September in Your Garden

It’s September…time to spring into action!

September is Arbor Month. Visit Lifestyle Home Garden to choose from a large selection of indigenous and exotic trees for big and small gardens.  Look out for the Trees of the Year, i.e., Dais cotinifolia (Pompon Tree), Peltophorum africanum (African Wattle) and Aloidendron dichotomum and A. pillansii (Quiver Tree)

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In the Garden

September tends to be very hot and dry, so watering will need to be increased, always adhering to water restrictions. Be water-wise and spread a layer of mulch around plants or grow a water wise groundcover in all beds and borders to retain moisture, suppress weed growth and keep plants’ roots cool. For more about watering guidelines click |HERE|.

Prune winter flowering shrubs and hedges that have finished flowering. Pinch growth tips to encourage branching. Frost sensitive shrubs that flower after mid-summer on the new season’s growth can also be pruned when all danger of frost is over.

Perennials and ornamental grasses that have finished flowering can be divided and transplanted now.

Now is the time to feed the whole garden with an organic fertiliser like 3:1:5 or 2:3:2. Add a generous layer of compost – it will improve the condition of the soil and act as mulch.

Fertilise rose bushes with a balanced rose fertiliser and increase watering to twice a week (approximately 10 litres per week). For more about Rose Care click |HERE|.

Clivias are our number one shade-loving, water saving, indigenous perennials – plant them now. Plant en masse in the dappled shade of a tree or to brighten up a dull corner. They can also be planted in pots on a shady patio. Plant in well-draining soil and water regularly during the warm months.

Look out for beautiful summer bulbs like Zantedeschia, Eucomis, Gladioli, Sandersonia, Gloriosa Lily and Amaryllis (to name but a few) which will be available early in September and Dahlia bulbs which will be in during late September. Plant in well prepared beds. Remember to feed bulbs that have finished flowering with a specially formulated bulb food or 3:1:5 fertiliser to provide essential nutrients for next season.

Scarify and aerate your lawn to allow easier penetration of air, water and fertilisers. Cover with a fine layer of lawn dressing to stimulate new growth and improve the condition of the soil. Start feeding the lawn with an organic nitrogen-rich fertiliser like 5:1:5 or 8:1:5. Water well before and after application. Thereafter water deeply once a week to encourage deep, healthy root growth. Time to service your lawnmower and sharpen or replace the blades. Our Spring lawn treatment guide can be found |HERE|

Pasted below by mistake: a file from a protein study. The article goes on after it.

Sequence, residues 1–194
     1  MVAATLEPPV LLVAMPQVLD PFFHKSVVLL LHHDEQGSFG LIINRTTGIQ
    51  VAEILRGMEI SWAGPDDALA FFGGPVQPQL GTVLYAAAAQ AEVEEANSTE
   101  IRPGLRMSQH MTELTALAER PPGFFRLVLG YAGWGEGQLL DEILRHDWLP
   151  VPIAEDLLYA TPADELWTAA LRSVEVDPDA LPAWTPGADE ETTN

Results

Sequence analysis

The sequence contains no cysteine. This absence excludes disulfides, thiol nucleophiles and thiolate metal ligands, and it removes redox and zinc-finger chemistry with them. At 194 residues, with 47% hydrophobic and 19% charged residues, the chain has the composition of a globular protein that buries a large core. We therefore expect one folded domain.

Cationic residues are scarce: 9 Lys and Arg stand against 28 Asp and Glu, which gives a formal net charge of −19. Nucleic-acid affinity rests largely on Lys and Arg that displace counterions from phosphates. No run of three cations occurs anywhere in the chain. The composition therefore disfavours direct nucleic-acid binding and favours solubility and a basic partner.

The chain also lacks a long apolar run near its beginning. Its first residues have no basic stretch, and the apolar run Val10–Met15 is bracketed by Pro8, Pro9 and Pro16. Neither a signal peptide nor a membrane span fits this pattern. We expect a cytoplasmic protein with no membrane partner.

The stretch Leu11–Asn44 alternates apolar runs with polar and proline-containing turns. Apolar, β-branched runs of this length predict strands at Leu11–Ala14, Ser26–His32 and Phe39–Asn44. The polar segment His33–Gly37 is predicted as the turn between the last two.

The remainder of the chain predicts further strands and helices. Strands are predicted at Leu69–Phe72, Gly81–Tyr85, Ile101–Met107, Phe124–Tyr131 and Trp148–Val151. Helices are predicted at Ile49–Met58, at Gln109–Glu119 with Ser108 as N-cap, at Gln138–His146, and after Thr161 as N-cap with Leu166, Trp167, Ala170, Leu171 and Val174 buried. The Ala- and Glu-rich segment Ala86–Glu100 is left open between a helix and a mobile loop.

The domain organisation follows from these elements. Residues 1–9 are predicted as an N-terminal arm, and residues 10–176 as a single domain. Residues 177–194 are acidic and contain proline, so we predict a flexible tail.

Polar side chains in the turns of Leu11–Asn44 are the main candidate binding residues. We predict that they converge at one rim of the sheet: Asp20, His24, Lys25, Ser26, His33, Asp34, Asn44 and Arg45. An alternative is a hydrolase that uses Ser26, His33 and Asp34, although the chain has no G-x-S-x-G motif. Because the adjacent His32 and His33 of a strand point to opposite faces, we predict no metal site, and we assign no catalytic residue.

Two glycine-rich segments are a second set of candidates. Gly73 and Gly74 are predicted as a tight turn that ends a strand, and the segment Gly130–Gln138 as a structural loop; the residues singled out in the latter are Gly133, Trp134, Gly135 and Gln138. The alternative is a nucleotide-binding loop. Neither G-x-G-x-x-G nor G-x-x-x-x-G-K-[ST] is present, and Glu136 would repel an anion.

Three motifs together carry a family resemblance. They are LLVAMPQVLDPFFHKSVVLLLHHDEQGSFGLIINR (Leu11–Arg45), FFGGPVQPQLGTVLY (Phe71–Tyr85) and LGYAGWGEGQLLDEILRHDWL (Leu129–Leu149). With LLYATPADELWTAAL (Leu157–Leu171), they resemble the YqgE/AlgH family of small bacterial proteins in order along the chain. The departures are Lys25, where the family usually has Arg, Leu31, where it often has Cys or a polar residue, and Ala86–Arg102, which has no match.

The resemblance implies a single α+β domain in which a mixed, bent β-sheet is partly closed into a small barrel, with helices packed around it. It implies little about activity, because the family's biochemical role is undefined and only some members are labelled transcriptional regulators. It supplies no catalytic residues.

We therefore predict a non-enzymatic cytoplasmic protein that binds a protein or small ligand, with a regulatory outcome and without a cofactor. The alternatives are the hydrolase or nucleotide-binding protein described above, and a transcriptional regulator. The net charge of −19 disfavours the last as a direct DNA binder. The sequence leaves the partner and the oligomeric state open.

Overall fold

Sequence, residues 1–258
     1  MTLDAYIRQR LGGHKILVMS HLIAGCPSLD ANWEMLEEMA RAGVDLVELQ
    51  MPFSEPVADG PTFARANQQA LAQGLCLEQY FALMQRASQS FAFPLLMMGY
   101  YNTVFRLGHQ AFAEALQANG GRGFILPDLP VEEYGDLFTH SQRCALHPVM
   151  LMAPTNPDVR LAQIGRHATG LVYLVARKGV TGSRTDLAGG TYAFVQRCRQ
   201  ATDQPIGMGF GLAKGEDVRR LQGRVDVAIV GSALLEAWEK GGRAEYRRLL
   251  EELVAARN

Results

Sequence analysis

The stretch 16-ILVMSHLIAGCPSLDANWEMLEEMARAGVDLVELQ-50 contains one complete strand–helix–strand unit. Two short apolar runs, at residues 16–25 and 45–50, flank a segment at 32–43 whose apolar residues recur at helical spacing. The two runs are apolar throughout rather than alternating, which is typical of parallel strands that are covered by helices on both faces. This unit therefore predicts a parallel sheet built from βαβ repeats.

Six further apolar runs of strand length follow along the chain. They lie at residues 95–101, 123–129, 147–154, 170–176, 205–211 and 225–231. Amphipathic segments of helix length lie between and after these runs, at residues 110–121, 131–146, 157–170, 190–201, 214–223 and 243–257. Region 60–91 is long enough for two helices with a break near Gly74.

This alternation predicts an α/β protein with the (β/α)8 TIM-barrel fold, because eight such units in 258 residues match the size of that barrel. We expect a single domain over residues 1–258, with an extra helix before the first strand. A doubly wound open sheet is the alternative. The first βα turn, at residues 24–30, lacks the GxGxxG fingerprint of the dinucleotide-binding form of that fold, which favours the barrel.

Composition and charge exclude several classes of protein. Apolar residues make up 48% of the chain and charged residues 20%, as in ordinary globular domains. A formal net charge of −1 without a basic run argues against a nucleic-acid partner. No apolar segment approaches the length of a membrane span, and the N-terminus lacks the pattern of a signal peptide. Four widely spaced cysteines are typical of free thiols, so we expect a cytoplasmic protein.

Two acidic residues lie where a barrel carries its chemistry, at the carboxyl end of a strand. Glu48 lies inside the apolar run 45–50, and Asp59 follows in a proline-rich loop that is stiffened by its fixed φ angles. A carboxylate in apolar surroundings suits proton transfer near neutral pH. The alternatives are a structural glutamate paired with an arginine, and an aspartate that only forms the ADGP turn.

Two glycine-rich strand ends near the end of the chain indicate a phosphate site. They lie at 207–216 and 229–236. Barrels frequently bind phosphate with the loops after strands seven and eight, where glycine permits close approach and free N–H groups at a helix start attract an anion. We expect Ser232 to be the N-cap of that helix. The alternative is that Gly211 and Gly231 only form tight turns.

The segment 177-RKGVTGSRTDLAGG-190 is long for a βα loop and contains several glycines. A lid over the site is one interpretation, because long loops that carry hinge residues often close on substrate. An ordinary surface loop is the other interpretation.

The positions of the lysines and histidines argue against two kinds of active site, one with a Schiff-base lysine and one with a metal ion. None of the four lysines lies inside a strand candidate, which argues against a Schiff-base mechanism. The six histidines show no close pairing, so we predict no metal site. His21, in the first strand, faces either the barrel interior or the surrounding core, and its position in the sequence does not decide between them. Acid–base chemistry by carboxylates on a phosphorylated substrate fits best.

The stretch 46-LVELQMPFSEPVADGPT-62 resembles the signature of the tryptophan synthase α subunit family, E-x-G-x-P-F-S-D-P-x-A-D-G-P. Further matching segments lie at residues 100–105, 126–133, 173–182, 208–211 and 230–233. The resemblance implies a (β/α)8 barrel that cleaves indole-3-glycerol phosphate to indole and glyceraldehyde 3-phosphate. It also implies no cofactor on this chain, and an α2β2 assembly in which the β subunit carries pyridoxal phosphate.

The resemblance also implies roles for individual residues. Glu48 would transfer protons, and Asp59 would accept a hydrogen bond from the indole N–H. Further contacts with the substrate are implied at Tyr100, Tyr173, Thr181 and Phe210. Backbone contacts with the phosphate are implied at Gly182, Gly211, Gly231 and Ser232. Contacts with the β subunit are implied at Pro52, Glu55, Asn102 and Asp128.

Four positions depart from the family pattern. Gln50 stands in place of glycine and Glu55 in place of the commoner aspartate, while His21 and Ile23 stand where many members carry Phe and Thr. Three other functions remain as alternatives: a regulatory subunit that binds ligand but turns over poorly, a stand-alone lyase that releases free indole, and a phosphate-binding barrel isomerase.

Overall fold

Weed the garden regularly now and save yourself a lot of trouble later in the year.

This is the ideal time to clean water features and ponds after the dusty winds of August. If necessary, aquatic plants can be divided and replanted now.

Remove the old potting soil around all your contained plants up to root level and fill up with fresh soil or replant into larger containers where necessary.

Pesky Pests

Check Clivias and other lily-like plants (e.g. Agapanthus and Amaryllis) for lily borers (a stripy black and yellow caterpillar). Pick them off manually and squash or spray with an organic pesticide the moment you see traces of them.

Aphids just love all that new, soft growth on roses, citrus, seedlings and other plants. Check the undersides of leaves and spray fortnightly with and organic insecticide to get rid of these little suckers.

Our comprehensive Pests and Diseases blog can be found |HERE|

In the Food Garden

Remove the last of the spent winter veg and prepare beds, containers and hanging baskets for your summer vegetables and herbs. Add compost and an organic fertiliser to improve and condition the soil.

Sow or plant beans, beetroot, radishes, carrots, spinach, Swiss Chard and lettuce now and tomatoes, sweet peppers, chilies, cucurbits, maize and brinjals when all danger of frost has passed. Water seedlings daily and feed with a suitable organic liquid fertiliser every fortnight.

Seed potatoes are available for planting now. Plant either in prepared beds or the nifty potato bags and pots for sale in store.

Fruit trees must be protected against fruit fly by either spraying or putting out bait in traps. The ideal time to do this is at 75% blossom drop. Continue spraying fortnightly. It’s also a good time to plant new fruit trees. Lifestyle stocks a wide range of all sorts of fruit trees and berries – make your pick!

Spoil yourself to some strawberry plants available now. Plant in beds, pots or hanging baskets.  Very exciting is Mayford’s ‘Florian’ strawberry seeds if you would like try your hand at growing this exceptionally tasty variety from seed.spring seasonal blog lifestyle home garden nursery plant shop johannesburg gauteng baskets trendy trending 2019

In Lifestyle Home Garden – Beautiful and ready to be planted now…

Nothing shouts “Spring!” like these perennials in full flower: Scabiosa, Felicia, Argyranthemum, Salvia, an incredible array of pelargoniums, Osteospermum, clivias and Aquilegia.

On the bedding tables for your beds, borders, pots and baskets you can choose your favourites from: Impatiens, New Guinea Impatiens, begonias, Chrysanthemum, marigolds, gazanias, petunias, Celosia, Salvia, Verbena, snapdragons, Lobelia and Alyssum.

Visit us to find all your Spring gardening necessities and faves in full flower in the nursery now!

Visit us to find all your Spring gardening necessities and faves in full flower in the nursery now!

A happy, snappy Spring to you all!

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